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Hi
My car is 1994 4.9L Deville
I'm using 95 Octane, can i use 98 ocatne without replacing any part in the engine ?
Bye
Danny
 

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Hi Danny,

Well.. I can't give you a sure answer but I know someone else will shortly. As far as I know, it's probably bad for the catalyic converter to be using octane that high.. BUT - I could be wrong. Let's see what some of the others have to say...
 

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Yes, you can - it give slightly better gas/mileage and little improved acceleration....(and, in our country - its cleaner and better quality too :D)
 

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vanaisa's absolutely correct. Using higher octane will give you slightly better performance and MPG to the limits of the computers programming. If you bump the timing up a bit, you'll realize even better gains too.
 

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They were probably talking about racing fuels like Cam 2. They are "leaded" fuels and will destroy your O2 sensors and catalytic converters. Most tracks offer a super high test "unleaded" fuel but to be honest, I'm not sure what the octane is. I don't hang at the track much. I'll have to ask my son, he's at the track once or twice a week. :rolleyes:
 

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It's fine once in a while, I had a 94 deville in 2002. I worked at the airport next to a small jet company. I made friends with a guy there and he gave me some AVGAS (aviation galoline) It does heat up your engine if you run it too hard and too long.
 

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Where the heck can you even get 98 octane?
 

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Octane is nothing more than the fuels ability to resist knocking. Anything more than the engine needs is just a waste of money. It won't burn cleaner, produce more power or get better mileage.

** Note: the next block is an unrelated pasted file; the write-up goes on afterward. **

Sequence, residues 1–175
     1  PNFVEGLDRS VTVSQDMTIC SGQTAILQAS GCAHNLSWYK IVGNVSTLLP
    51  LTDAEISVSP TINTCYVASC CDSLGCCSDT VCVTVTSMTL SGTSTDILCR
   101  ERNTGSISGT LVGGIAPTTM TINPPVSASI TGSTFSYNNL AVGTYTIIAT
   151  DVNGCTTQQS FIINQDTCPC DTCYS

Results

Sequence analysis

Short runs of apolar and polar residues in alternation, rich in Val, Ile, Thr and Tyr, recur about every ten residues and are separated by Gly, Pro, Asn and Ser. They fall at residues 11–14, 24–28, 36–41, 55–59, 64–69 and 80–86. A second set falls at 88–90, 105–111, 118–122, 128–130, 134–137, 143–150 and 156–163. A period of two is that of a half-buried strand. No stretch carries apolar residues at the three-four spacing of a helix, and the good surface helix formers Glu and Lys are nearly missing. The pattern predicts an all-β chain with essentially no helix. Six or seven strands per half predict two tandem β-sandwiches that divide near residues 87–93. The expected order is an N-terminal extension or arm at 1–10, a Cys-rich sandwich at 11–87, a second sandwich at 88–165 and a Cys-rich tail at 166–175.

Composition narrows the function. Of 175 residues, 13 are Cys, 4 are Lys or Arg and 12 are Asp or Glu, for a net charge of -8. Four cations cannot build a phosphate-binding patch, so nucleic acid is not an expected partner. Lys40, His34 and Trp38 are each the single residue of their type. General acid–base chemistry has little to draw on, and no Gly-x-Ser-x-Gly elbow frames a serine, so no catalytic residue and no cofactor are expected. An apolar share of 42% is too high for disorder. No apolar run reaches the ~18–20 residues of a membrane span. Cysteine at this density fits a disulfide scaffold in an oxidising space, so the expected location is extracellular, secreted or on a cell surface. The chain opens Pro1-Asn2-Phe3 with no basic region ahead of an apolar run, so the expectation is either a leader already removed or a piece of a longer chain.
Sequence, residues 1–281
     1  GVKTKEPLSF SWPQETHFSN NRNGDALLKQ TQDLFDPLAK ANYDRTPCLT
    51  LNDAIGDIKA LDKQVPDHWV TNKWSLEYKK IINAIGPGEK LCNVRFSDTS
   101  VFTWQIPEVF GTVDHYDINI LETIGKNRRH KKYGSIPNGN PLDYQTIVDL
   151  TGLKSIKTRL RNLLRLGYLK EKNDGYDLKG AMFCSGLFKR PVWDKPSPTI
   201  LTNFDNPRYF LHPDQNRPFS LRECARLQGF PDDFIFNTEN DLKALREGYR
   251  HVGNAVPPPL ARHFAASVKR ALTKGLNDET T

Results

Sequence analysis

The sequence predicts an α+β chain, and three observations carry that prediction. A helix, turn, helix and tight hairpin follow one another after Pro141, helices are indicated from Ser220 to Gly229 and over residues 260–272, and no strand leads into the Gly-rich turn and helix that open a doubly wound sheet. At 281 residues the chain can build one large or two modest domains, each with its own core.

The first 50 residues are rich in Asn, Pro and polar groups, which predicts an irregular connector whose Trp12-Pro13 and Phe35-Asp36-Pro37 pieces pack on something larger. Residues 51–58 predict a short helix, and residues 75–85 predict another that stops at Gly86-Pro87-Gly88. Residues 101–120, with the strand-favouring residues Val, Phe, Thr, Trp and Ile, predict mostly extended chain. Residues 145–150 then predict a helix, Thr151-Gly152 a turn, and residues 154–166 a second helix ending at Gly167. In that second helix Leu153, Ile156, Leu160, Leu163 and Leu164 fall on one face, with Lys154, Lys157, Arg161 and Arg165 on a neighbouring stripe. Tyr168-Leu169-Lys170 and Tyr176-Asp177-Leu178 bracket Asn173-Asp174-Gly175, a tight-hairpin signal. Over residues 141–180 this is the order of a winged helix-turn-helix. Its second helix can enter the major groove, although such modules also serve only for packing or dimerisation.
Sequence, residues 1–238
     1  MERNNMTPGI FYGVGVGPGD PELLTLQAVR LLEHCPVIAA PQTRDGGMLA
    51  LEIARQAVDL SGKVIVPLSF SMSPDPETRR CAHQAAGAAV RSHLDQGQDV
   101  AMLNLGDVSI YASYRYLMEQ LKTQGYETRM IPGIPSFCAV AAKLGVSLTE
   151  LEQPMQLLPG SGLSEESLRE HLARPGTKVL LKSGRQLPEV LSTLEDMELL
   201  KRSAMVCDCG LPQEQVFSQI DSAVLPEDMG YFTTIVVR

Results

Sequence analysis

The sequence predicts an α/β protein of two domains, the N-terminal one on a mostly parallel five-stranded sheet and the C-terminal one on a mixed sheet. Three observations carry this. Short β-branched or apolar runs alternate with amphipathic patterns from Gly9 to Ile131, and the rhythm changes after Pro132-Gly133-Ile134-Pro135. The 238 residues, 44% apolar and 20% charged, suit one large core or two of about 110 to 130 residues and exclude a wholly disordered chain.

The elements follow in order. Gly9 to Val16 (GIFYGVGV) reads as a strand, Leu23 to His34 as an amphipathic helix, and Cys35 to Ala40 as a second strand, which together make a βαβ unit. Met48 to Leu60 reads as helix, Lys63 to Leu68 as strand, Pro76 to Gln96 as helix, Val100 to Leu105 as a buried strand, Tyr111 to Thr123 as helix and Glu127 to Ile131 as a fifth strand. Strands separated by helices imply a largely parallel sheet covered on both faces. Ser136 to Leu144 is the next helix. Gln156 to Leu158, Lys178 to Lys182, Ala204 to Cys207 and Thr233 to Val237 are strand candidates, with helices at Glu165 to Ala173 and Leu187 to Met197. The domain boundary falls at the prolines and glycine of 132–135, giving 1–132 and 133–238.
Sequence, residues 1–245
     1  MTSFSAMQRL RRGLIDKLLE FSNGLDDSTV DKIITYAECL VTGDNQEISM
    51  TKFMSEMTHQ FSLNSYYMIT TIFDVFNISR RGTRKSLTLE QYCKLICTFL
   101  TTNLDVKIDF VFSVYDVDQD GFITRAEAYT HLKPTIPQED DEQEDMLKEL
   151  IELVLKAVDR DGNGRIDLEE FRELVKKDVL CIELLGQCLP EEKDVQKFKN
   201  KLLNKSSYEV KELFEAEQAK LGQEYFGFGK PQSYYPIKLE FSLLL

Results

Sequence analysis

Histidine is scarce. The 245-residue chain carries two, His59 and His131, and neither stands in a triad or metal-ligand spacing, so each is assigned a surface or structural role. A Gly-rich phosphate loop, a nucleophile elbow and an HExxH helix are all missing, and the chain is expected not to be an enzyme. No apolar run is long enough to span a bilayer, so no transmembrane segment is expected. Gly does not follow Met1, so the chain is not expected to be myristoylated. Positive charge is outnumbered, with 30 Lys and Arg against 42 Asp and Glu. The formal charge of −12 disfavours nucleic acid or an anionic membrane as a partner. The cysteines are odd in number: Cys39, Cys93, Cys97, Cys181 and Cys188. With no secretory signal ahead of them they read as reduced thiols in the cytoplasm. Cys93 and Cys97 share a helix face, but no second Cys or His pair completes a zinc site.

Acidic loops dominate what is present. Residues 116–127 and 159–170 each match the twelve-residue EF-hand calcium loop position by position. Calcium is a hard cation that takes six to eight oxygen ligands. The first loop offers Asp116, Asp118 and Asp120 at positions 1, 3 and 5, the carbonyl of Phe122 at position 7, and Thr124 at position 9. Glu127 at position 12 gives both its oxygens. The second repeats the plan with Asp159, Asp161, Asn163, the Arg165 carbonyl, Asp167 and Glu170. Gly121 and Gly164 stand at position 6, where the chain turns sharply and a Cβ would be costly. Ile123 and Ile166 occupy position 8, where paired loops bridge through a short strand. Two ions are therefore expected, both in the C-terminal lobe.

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Where the heck can you even get 98 octane?
Hes in Israel... and I dont think anyone caught on to the fact he was probably talking about 89 Octane. In other words, he was probably asking the age old question of "will cheaper fuel hurt the car", but mixed up his numbers. I dunno... 98, 89... who knows. :thepan:

Oh look... yet another post so old the original thread starter isnt even here anymore. :rolleyes:
 

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why does everyone seem to equate high octane as "best" or "better"? It is not any "better". Just different. :banghead:
 

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why does everyone seem to equate high octane as "best" or "better"? It is not any "better". Just different. :banghead:
I dont know. The only reason you might be able to call it "better" doesnt really have much to do with the gasoline itself, but rather the "additive package" the oil companies like to boast so much about in their premium fuel. The gas itself as you said is just different.

Theres a thread in the STS-V forum right now about a guy who put 101 octane race fuel in the car and says he "felt" a 10 to 15 hp increase and it idled smoother... :rolleyes:
 

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"additive package" the oil companies like to boast so much about in their premium fuel.
That says it all. They would like us all to believe that and make them richer.

says he "felt" a 10 to 15 hp increase and it idled smoother...
Oh brother. Talk about a placebo effect. I'll bet that one is going to get interesting. I'm not even going to read it.
 

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Playdrv4me said:
Theres a thread in the STS-V forum right now about a guy who put 101 octane race fuel in the car and says he "felt" a 10 to 15 hp increase and it idled smoother...
Forced induction cars respond differently/better to higher octane fuels due to the fuel having a lower flash point, this allows advanced timing. I read an article in EVO magazine a while ago with the Golf GTi and numerous other cars were tested with 97RON; the biggest feat was that of the GTi, a gain of 18bhp and 23ft/lb torque.

In order for any gains to be seen on any car the ignition timing should be advanced. While the ECU will make the nessacery changes in order to eliminate detonation for use of lower octane fuel, should only be assumed for accidental cases of use, in most cases it will not sense an increase in octane and adjust ignition timing to take advantage of the higher octane fuel. Straight to the point, without advancing your timing it's like wasting money and unless the engine is having problems with normal premium octane fuel and is a victim of extreme carbon buildup, I suggest not wasting the money as the gains are minimum at best and with most racing/performance fuels costing over the $5/gallon mark it's like throwing money away.
 
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